I’m sitting here with my cup of peppermint – jasmine green tea, think about the journey that is about to begin.  A forty-day journey through the season of Lent, which starts this Wednesday with Ash Wednesday. It is just the midpoint of the adventure that I embarked on in November with Advent and then Christmas. The trip began with the joyful preparations and celebration of the birth of a child, but now I am descending into the desert. It will be cold and inhospitable. It will be frightening and painful. But I travel with the knowledge that if I enter into the valley of dark despair that is the days of Maundy Thursday and Good Friday, I will emerge renewed in the glory and rejoicing that is Easter.  I make this journey every year remembering past years and past lessons learned. It is a time of fasting, prayer, and giving; the three disciplines of Lent.

In the household where I grew up, the Lenten and Easter seasons were of greater importance than those of Advent and Christmas. My mother believed that there was no point in celebrating Christmas unless you then faced the discomfort of Lent and the joyful relief of Easter morning. The story that begins at Christmas is meaningless without the climax and resolution of Easter. This point was brought home to me when comparing the number of seasonal decoration boxes she kept. There were ten boxes for Advent/Christmas season but twenty-one boxes for the Lent/Easter holiday.  Mom liked Christmas, but she loved Easter.

It was my godmother, Lorraine, who gave me the travel imagery for the church year. In a letter she wrote to me when I was in high school, she spoke of the “Great Journey.” At Advent, our traveling companions were Mary, Joseph, Elizabeth, and Zachariah. We traveled with them as they prepared for the birth of the long-expected child. At Christmas we were joined by innkeepers, shepherds, angels and kings as we rejoiced in the birth of a child promised so long ago. But with Lent, we enter a desert place with Jesus, his disciples, and the women. We feel their pain and anguish. We cry within them at the foot of the cross. We follow with hesitation the women as they approach the tomb and are filled with surprise as we discover it empty. We exult with them when they are reunited with their beloved teacher and learn he is so much more.   And before he departs he tells them and us that the journey isn’t over – so now we must carry on.

I know as I experience this journey I will be asked, “What are you giving up for Lent?” While most people will respond naming a food item, such as chocolate, what you do without means more than that. “Giving something up” is part of the Lenten discipline of fasting. For the past few years, I have observed Lent by completely unplugged from the internet, except when necessary for work and writing. This year, I’m doing it a bit differently. I will not be on social media just to play. Instead, I will continue post, but I am limiting my participation to this blog and posts about faith, music, and writing.

By limiting my online time, it will give me more time for the discipline of prayer. I find in the rush of life it is too easy to let time for prayer just slip away. As part of my prayer time, I will use a Lenten calendar of sorts. I have a dish with sand, shells, and candles. Each day as I do my Bible study and prayers, I will as a stone to the display, for a total of forty. When Easter arrives, I will add a small plant. Just like an Advent calendar, it will mark the passing of days through this season.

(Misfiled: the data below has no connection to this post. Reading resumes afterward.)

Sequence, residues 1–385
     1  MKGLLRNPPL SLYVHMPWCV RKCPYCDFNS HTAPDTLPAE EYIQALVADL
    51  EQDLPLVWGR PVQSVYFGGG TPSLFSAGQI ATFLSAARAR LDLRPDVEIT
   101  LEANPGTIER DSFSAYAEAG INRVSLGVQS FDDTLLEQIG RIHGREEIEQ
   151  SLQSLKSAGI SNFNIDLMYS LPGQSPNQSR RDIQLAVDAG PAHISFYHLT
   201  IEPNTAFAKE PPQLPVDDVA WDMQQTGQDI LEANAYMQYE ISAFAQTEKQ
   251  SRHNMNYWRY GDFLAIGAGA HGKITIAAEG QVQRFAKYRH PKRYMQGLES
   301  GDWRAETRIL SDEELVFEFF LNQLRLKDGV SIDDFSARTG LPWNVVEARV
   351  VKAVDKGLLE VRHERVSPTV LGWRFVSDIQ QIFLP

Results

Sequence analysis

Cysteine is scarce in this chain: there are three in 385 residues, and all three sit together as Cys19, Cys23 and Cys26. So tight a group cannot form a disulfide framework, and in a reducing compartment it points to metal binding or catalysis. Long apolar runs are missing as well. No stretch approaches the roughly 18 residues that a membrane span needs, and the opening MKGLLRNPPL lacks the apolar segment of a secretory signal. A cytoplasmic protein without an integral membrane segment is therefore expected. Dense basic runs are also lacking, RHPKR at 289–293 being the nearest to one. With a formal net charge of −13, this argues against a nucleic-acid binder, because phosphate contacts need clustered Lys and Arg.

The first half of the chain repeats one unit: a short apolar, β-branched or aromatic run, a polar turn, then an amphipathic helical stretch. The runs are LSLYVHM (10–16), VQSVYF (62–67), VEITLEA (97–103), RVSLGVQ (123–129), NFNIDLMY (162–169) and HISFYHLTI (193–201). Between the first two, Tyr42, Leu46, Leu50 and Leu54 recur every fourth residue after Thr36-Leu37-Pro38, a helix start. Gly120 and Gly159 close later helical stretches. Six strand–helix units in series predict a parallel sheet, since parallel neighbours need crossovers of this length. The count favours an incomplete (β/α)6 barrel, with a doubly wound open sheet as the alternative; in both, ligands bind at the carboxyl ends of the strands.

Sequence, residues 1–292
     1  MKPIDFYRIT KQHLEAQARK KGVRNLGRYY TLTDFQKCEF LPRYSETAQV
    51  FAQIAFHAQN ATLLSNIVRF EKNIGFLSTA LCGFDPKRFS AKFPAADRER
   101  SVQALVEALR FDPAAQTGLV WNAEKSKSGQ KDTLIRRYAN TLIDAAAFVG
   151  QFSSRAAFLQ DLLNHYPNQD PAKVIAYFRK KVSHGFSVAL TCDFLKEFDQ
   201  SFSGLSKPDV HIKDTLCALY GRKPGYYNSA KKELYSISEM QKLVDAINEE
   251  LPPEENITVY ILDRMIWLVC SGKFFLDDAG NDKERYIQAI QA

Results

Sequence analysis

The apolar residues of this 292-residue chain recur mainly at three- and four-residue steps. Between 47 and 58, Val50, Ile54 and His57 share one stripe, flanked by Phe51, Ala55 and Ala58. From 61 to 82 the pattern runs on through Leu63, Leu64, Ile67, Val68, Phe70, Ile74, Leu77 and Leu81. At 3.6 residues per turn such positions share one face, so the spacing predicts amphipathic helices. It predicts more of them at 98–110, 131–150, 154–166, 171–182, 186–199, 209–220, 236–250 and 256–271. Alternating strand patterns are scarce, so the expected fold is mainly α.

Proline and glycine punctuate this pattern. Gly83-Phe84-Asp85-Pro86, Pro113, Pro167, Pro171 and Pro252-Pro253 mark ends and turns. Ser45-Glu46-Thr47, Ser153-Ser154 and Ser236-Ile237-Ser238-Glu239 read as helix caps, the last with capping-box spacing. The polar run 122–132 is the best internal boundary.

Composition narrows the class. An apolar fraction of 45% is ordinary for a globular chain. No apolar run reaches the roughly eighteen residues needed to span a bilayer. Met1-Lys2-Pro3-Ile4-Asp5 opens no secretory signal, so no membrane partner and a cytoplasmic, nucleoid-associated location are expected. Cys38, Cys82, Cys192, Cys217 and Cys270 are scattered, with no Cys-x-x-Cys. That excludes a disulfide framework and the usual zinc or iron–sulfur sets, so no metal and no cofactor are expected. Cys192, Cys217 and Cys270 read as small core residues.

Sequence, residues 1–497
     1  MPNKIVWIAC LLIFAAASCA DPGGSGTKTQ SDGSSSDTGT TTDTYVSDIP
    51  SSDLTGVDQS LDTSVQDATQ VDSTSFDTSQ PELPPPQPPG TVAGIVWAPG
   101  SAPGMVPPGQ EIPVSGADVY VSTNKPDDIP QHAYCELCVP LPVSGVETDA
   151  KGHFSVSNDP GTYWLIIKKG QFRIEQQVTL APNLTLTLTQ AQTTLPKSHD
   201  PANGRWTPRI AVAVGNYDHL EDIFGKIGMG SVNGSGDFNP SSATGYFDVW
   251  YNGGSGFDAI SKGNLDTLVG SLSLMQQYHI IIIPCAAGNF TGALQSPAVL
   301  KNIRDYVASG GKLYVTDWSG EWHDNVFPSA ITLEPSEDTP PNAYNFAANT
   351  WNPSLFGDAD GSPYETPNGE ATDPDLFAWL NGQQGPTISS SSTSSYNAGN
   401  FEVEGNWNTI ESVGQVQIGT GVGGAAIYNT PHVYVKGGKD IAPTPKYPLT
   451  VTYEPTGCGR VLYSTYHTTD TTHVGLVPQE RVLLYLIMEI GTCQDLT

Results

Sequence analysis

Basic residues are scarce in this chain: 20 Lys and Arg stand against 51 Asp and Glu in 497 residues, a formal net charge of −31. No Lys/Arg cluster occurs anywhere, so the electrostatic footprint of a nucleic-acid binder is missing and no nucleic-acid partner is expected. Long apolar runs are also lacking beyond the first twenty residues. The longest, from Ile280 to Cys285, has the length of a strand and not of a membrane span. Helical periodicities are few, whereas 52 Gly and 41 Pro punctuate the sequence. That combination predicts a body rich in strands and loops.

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Lenten Journey Dish 

 

For the last discipline, alms-giving, I am going to abstain from visiting on a daily basis (sometimes twice a day) my favorite coffee bar and the money that would have been spent on that will be donated to Lutheran World Relief.

Won’t you join me on this journey? Here are some resources I’ve enjoyed using:

This year members of my congregation, Trinity Lutheran Church in Victorville CA, are using Martin Luther’s Catechisms: Forming the Faith by Timothy J. Wengert.   Each week reading through a chapter and discussing as a group to exam the growth of faith and our role in the church.

Busted Halo is a website for young adult Roman Catholics. It features several Lenten resources. In previous years, they have had  Fast Pray Give: A Lenten Calendar  Each day, like an Advent Calendar, a new devotion is made available with a challenge to fast, pray and give.

Lutheran Hour Ministries also offers a great Lenten devotional that you can have sent to your email or print out. This year it is From the Cradle to the Empty Grave 

Have blessed journey and I leave you with the prayer from Martin Luther –

Lord Jesus,
You are my righteousness,
I am your sin.

You took on you what was mine;
yet set on me what was yours.

You became what you were not,
that I might become what I was not.

Amen

Until next time . . .

The door is always open, and the kettle is on

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Joy of Reading

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I love to read, and I enjoy passing on the love of reading to others.

It doesn’t take much to encourage a child to explore the endless possibilities of reading.